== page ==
4. A tube-like connector for toy buildingblocks having on one side of the body portion thereof a longitudinally-disposed slot severing the wall thereof from end to end, said body portion also having a latitudinally-disposed slot which intersects the longitudinally-disposed slot at a point approximately midway between the ends-of the connector, whereby the ends of the connector may be compressed or distended independently of each other; there being in said body portion a resilient, longitudinally-disposed, tubelike member adapted to act as an expander for the body portion of the connector and to restore it to normal size after it has been withdrawn from the recess of a block.

5. In combination, two toy building-blocks, and a connector; the connector consisting of two tube-like sections of substantially equal length, partially separated from each other by a cross slot, and each section being split from end to end by a longitudinal slot,- whereby each such section is rendered independently resilient in cross section throughout its entire length; and each block having a recess of a depth substantially equal to half the length of the connector, whereby the end of the connector, upon entering. a recess, will contact the bottom wall thereof. when the cross slot of the connector arrives at the mouth of the recess. v

6. In combination, a plurality of toybuildingblocks and a connector; the connector consisting of two longitudinally-aligned tube-like sections of substantially equal length and diameter, partially separated from each other by a cross slot extending from the outer to the inner surface of the wall of the connector, and each such section being split from end to end by a longitudinal slot, by means of which cross slot and longitudinal slots each of such tube-like sections is rendered independently resilient in cross-section; and each block having a recess of a diameter slightly smaller than that of such tube-like sections and of a depth substantially equal to half of the length of the connector, so that either end of the connector, upon entering a recess in one of such blocks, will be compressed in cross section and the end of such section will contact the bottom wall of the recess when the cross slot of the connector comes into alignment with the mouth of the recess, thus leaving the other section of the connector in a normally expanded state so that it in turn will be compressed in cross section as it is inserted in a corresponding recess in another block, thereby causing the two blocks to be held together.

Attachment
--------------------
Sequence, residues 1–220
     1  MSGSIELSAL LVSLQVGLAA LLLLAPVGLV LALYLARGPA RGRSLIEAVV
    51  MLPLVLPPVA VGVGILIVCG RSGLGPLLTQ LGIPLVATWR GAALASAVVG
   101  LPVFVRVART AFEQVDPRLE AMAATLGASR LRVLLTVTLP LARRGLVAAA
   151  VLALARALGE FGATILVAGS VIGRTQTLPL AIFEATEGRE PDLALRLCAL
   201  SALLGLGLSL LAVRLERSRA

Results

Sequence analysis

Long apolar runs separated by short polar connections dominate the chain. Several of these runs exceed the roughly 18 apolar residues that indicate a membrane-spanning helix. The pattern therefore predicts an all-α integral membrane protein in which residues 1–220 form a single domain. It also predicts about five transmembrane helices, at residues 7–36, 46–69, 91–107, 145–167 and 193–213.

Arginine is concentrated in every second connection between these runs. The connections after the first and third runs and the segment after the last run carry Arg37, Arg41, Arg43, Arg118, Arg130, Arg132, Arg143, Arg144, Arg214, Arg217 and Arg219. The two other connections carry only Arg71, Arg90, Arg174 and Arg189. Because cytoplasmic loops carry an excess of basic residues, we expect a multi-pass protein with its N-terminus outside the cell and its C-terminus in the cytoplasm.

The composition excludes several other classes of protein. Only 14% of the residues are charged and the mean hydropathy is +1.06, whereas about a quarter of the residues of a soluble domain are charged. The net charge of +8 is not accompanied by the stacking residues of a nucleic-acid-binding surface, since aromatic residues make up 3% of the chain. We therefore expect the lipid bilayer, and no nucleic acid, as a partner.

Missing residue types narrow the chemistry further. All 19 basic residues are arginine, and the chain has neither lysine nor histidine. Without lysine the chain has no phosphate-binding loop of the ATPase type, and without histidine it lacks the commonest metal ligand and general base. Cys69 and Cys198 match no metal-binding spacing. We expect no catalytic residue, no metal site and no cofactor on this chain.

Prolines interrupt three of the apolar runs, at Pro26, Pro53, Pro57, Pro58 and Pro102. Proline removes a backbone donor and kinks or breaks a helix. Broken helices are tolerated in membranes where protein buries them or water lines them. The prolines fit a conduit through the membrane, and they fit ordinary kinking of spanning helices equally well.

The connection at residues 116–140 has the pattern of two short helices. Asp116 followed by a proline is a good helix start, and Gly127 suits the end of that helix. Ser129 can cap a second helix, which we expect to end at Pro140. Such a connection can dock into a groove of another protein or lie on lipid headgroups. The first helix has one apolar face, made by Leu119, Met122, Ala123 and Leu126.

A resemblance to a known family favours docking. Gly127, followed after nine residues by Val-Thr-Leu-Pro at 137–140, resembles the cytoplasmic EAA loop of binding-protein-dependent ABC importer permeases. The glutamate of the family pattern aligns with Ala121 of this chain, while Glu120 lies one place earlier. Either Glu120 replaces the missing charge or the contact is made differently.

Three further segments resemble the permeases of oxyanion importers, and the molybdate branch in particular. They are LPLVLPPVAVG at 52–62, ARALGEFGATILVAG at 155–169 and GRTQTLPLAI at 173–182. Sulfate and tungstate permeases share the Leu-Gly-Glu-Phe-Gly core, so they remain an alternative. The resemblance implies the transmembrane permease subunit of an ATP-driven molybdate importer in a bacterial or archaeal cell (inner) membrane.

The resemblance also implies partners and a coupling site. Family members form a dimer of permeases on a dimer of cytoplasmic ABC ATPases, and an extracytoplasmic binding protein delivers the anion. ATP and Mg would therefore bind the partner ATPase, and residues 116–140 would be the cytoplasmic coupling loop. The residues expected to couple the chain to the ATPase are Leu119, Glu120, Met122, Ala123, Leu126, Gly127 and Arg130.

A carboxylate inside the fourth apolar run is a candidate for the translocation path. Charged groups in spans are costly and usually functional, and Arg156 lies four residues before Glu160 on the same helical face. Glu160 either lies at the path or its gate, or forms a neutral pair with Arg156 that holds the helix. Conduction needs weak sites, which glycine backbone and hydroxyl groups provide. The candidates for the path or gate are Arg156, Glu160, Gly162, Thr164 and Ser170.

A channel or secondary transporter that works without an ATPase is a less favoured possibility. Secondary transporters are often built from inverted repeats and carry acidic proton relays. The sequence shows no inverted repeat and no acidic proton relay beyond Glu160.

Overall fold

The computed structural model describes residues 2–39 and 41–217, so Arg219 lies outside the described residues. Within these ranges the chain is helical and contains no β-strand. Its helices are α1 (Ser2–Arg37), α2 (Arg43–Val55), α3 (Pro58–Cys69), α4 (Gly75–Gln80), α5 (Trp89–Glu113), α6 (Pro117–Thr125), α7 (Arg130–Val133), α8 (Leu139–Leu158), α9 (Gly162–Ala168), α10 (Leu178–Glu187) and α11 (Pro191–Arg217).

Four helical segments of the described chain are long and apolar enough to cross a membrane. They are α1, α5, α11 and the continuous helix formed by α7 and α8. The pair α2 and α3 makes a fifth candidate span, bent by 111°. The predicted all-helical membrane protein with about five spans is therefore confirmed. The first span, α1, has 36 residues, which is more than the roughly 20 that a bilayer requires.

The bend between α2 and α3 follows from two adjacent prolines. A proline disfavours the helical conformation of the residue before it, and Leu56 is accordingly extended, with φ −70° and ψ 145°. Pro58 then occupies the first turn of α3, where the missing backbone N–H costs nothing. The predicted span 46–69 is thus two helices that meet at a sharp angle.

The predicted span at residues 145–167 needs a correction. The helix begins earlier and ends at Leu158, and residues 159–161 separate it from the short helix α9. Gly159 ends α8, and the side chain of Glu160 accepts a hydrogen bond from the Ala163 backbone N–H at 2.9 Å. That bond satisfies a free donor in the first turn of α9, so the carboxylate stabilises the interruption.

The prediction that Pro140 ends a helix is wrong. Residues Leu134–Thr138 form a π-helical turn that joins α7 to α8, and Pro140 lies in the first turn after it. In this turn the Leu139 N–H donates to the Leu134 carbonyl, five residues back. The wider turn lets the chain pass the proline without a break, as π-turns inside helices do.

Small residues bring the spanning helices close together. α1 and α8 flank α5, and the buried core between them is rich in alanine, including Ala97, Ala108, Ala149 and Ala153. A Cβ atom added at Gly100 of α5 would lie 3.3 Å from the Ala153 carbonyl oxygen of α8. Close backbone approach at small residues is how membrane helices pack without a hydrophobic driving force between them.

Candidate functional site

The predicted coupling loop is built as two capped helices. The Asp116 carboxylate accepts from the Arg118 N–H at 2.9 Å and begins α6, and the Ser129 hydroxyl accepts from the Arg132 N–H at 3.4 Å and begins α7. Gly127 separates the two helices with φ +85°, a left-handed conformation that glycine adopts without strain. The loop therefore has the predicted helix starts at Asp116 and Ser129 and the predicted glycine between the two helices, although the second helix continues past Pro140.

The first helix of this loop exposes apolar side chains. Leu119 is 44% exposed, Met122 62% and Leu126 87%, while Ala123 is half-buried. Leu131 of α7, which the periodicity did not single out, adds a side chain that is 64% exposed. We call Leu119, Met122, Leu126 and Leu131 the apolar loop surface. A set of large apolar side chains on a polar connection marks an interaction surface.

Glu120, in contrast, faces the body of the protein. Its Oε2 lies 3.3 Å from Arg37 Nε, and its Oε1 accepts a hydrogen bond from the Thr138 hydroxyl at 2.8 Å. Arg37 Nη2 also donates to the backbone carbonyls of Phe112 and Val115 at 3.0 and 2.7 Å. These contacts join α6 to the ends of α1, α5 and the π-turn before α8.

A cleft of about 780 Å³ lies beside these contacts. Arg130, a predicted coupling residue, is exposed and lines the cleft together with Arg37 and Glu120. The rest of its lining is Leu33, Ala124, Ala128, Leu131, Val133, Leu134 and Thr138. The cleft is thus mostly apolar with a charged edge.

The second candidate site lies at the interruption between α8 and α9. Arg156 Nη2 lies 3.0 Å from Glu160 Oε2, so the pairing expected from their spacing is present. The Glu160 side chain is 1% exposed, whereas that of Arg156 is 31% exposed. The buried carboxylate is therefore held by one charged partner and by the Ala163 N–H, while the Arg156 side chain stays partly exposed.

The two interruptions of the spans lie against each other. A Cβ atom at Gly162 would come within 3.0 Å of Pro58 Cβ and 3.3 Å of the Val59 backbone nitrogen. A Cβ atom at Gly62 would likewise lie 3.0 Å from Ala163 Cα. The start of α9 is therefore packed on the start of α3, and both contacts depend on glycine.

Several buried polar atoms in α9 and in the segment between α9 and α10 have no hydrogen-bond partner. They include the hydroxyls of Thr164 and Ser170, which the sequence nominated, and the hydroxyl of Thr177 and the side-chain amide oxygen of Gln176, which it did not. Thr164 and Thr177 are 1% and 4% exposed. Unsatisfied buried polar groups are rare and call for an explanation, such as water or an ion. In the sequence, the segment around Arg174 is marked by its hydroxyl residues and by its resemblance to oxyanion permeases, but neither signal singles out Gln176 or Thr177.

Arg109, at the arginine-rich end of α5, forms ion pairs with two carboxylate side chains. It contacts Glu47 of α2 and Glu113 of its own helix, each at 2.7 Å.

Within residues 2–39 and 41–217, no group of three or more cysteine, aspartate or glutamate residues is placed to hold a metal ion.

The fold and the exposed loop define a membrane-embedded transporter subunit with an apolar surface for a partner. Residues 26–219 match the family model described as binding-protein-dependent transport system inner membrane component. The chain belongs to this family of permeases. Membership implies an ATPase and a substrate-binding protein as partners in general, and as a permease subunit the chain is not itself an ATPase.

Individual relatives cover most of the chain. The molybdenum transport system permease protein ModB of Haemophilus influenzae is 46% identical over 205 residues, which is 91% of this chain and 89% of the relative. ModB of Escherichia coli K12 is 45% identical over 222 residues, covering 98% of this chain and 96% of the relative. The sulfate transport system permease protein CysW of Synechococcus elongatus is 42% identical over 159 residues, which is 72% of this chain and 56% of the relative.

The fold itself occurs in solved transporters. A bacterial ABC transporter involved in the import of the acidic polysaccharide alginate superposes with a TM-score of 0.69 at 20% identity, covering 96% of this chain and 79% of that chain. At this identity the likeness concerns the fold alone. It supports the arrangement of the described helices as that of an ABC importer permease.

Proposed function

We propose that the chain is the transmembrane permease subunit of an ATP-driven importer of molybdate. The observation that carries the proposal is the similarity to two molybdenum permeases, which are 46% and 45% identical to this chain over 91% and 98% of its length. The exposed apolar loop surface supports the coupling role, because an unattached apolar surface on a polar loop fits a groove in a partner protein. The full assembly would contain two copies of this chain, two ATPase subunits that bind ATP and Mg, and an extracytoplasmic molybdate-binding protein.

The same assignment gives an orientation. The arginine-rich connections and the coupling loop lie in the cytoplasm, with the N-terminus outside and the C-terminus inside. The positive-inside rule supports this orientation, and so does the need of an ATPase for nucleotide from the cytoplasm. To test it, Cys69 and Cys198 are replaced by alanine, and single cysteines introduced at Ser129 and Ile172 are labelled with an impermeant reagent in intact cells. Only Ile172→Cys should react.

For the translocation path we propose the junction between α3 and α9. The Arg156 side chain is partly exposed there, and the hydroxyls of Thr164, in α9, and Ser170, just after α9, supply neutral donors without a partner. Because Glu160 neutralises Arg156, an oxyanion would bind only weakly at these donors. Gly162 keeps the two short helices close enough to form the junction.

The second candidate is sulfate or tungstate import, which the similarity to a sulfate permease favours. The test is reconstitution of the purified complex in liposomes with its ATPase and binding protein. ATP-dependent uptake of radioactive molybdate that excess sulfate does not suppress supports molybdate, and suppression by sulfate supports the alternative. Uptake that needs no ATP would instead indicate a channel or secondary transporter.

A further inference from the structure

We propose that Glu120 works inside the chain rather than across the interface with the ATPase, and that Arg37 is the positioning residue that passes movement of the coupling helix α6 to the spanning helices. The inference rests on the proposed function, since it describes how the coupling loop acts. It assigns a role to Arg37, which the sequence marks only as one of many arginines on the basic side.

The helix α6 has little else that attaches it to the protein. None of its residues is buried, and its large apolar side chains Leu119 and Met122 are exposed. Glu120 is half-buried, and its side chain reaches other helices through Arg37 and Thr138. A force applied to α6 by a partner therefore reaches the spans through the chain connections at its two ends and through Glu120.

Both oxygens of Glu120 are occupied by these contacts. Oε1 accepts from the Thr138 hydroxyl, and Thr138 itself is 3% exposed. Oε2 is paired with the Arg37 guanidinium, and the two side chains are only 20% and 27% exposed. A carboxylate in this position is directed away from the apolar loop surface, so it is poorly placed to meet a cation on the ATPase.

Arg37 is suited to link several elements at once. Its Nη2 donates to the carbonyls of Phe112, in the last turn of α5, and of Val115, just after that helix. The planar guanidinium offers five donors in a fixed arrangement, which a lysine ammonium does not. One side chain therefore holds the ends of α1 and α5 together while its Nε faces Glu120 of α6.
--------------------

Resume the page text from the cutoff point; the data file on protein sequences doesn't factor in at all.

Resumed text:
' STANLEY W. FINCH.

Referenced by
Citing PatentFiling datePublication dateApplicantTitle
US2582553 *Aug 17, 1949Jan 15, 1952Ferdinand Furniture Company InSectional toy furniture
US2669153 *Feb 13, 1951Feb 16, 1954Tooth H & L CoResilient coupling pin
US2754716 *May 31, 1955Jul 17, 1956Bourns Marlan EFastening pin having plurality of resilient fingers
US2841919 *Jul 16, 1956Jul 8, 1958George Mcneill AlbertDetachable joint for toy house
US3205611 *Feb 6, 1964Sep 14, 1965Onanian Richard AHollow blocks and tubular connecting means therefor
US3422564 *May 26, 1964Jan 21, 1969John Y IzumiInterconnectable modular connectors for tubular elements
US3479782 *Aug 4, 1967Nov 25, 1969Muse George BConstruction block
US3495495 *Mar 25, 1968Feb 17, 1970Minster Machine CoFriction pin unit,especially for quick change dies and the like
US3975858 *Aug 29, 1974Aug 24, 1976Joe MuchToy construction fabricating member and assemblage
US4026065 *Nov 14, 1975May 31, 1977Walter DickPolyhedral elements with undercut recesses and cylindrical connectors having collars
US4274221 *Dec 13, 1979Jun 23, 1981Gilles BoutetToy building block
US6629802 *Oct 31, 2001Oct 7, 2003Mario BisseggerMethod of connecting two panels of a piece of furniture and a piece of furniture utilizing such a connection
US8540545Feb 7, 2011Sep 24, 2013Boaz LeichtInterconnectible building elements for intellectual challenge games
US20140057523 *Aug 21, 2013Feb 27, 2014Boaz LeichtInterconnectible building elements for intellectual challenge games
Classifications
U.S. Classification446/122, D25/113, 446/124
International ClassificationF16B19/00, A63H33/04
Cooperative ClassificationF16B19/004, A63H33/04
European ClassificationA63H33/04, F16B19/00A2